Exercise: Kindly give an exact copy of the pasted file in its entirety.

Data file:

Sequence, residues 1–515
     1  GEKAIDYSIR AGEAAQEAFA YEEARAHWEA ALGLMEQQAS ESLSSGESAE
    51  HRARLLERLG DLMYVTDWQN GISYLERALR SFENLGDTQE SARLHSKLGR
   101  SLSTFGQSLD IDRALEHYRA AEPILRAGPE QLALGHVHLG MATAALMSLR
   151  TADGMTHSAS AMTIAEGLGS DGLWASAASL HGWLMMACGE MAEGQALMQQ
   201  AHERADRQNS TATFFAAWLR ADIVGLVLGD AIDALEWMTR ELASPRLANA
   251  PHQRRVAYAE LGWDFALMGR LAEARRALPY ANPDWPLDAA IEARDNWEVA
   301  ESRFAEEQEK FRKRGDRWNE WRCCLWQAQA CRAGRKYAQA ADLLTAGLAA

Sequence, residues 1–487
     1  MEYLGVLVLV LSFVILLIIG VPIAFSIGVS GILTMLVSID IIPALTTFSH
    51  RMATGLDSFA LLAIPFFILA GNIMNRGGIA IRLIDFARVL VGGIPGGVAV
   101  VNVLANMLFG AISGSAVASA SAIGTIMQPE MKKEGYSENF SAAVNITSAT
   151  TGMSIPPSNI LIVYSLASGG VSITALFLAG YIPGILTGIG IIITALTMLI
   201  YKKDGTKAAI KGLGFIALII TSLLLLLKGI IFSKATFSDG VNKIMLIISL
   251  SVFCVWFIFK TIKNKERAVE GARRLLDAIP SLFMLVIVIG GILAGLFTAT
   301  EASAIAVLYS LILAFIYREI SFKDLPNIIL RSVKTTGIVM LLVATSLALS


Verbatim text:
Sequence, residues 1–515
     1  GEKAIDYSIR AGEAAQEAFA YEEARAHWEA ALGLMEQQAS ESLSSGESAE
    51  HRARLLERLG DLMYVTDWQN GISYLERALR SFENLGDTQE SARLHSKLGR
   101  SLSTFGQSLD IDRALEHYRA AEPILRAGPE QLALGHVHLG MATAALMSLR
   151  TADGMTHSAS AMTIAEGLGS DGLWASAASL HGWLMMACGE MAEGQALMQQ
   201  AHERADRQNS TATFFAAWLR ADIVGLVLGD AIDALEWMTR ELASPRLANA
   251  PHQRRVAYAE LGWDFALMGR LAEARRALPY ANPDWPLDAA IEARDNWEVA
   301  ESRFAEEQEK FRKRGDRWNE WRCCLWQAQA CRAGRKYAQA ADLLTAGLAA

Sequence, residues 1–487
     1  MEYLGVLVLV LSFVILLIIG VPIAFSIGVS GILTMLVSID IIPALTTFSH
    51  RMATGLDSFA LLAIPFFILA GNIMNRGGIA IRLIDFARVL VGGIPGGVAV
   101  VNVLANMLFG AISGSAVASA SAIGTIMQPE MKKEGYSENF SAAVNITSAT
   151  TGMSIPPSNI LIVYSLASGG VSITALFLAG YIPGILTGIG IIITALTMLI
   201  YKKDGTKAAI KGLGFIALII TSLLLLLKGI IFSKATFSDG VNKIMLIISL
   251  SVFCVWFIFK TIKNKERAVE GARRLLDAIP SLFMLVIVIG GILAGLFTAT
   301  EASAIAVLYS LILAFIYREI SFKDLPNIIL RSVKTTGIVM LLVATSLALS